Holy shitballs. I haven’t felt this wrung out by a graphic novel since I read Blankets, and I liked this one soooo much more. I’m not sure The Sculptor is going to be for everyone, but oh man, if it hits you, it’s going to straight up MURDER YOU.
The main character is David, a frustrated sculptor. It’s more complicated and lovely than this, but essentially he makes a deal with Death. He will trade his life for the ability to create the art he can see in his mind and the chance to be remembered as much as one human being can be remembered among billions. He has two hundred days to live if he takes the deal. The alternative, Death tells him, is to walk away from his art, meet a woman, start a family and live a long life. David chooses his art.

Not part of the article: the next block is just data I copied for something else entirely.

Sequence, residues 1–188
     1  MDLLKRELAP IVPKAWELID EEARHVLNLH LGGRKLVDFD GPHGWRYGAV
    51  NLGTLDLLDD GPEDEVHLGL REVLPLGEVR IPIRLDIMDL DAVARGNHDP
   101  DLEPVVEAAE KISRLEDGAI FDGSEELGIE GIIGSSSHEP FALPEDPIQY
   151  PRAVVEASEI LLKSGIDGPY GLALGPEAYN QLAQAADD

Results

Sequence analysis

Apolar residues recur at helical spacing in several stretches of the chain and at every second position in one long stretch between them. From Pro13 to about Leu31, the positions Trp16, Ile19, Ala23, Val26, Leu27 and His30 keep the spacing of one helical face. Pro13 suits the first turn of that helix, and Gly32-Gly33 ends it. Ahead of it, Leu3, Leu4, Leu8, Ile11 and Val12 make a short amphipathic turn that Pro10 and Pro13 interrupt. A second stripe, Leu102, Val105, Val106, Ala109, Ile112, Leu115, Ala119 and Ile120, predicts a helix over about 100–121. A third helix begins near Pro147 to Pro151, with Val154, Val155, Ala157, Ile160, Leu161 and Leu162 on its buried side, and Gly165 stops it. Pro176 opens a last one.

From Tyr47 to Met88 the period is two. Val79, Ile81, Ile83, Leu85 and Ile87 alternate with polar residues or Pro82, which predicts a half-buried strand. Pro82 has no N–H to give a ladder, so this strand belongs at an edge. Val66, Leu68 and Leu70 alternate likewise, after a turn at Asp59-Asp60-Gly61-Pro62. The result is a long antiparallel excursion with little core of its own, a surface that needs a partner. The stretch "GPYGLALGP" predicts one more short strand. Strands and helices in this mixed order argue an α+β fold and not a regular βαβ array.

What follows is part meditation on life and the role of art in life and memory and identity. And it all feels really, really personal. The story is part of it. We learn a lot about David as he creates his art, as he continues to fail, as he meets a girl he falls in love with. And all the while he’s got this ticking clock of 200 days. A lot of it is also the artwork itself. This is actually one of my favorite things about graphic novels, the way that the whole medium works together to create an experience. It’s not just the words or the characters or the story, it’s also the colors and the lines and the way panels overlap and how fast you move between them and so many other things. In my opinion, this book uses all of those things perfectly to present its story.
I’m so glad I read it, and I need to get my own copy ASAP for eventual multiple readings.